From today’s Washington Post:
Factory workers, nurses and school bus drivers are among the tens of thousands of Americans who walked off jobs in October amid a surge of labor activism that economists and labor leaders have dubbed “Striketober.”
The strike drives, experts say, stem from the new leverage workers hold in the nation’s tight job market: Having seen the massive profits their companies collected during the coronavirus pandemic, they want their contributions acknowledged in the form of better pay and working conditions.
While work stoppages may contribute to near-term inflation and production tie-ups, economists say they could fundamentally change the economic standing of millions of workers. Here’s what you need to know about the tide of recent strikes.
There are a number of reasons, but ultimately it comes down to how the pandemic has changed the way people see themselves, their employers and their jobs — especially if going to work heightened their risk of exposure to the deadly virus. So while millions of people quit or switched positions, others have staged walkouts — or at least are threatening to.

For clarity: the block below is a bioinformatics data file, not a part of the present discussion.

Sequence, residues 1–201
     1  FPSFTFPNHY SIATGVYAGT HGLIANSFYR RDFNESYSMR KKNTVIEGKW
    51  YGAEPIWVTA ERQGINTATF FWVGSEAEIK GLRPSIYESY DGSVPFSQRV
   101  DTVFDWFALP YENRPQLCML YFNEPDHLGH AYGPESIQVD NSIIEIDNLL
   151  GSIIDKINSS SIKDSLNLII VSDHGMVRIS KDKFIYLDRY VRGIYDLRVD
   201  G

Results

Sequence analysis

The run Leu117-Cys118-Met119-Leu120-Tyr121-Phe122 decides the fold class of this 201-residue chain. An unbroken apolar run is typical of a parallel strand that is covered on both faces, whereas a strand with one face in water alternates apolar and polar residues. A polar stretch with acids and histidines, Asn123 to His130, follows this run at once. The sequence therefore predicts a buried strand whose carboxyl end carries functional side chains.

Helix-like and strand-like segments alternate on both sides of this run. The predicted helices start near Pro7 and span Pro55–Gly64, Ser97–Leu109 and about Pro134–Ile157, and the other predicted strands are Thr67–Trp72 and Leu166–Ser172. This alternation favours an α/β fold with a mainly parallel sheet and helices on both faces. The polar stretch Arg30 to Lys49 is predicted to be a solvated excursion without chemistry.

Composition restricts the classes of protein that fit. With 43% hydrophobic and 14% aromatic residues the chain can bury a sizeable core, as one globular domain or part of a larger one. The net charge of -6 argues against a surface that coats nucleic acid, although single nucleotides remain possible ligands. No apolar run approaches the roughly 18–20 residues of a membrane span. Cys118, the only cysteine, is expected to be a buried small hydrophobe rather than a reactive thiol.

“People don’t want to go and die at work. I mean, they’re not compensated enough,” said Kim Cordova, president of the 23,000-member United Food and Commercial Workers in Colorado.
Strikes or strike authorizations — when a union supports a walkout if negotiations with management break down — typically revolve around compensation. At John Deere, where 10,000 workers at 14 factories walked off the job on Oct. 14, employees want better pay and retirement benefits. The company offered 5 to 6 percent raises in a new collective bargaining agreement, but workers say it’s not enough, given the company’s soaring profits.
Kaiser Permanente nurses and health workers in California and Oregon want the health care provider to drop a proposed two-tiered wage and benefits system that would compensate new employees less than existing ones. More than 30,000 workers represented by several unions authorized a strike in an Oct. 11 vote.
Read the complete story here.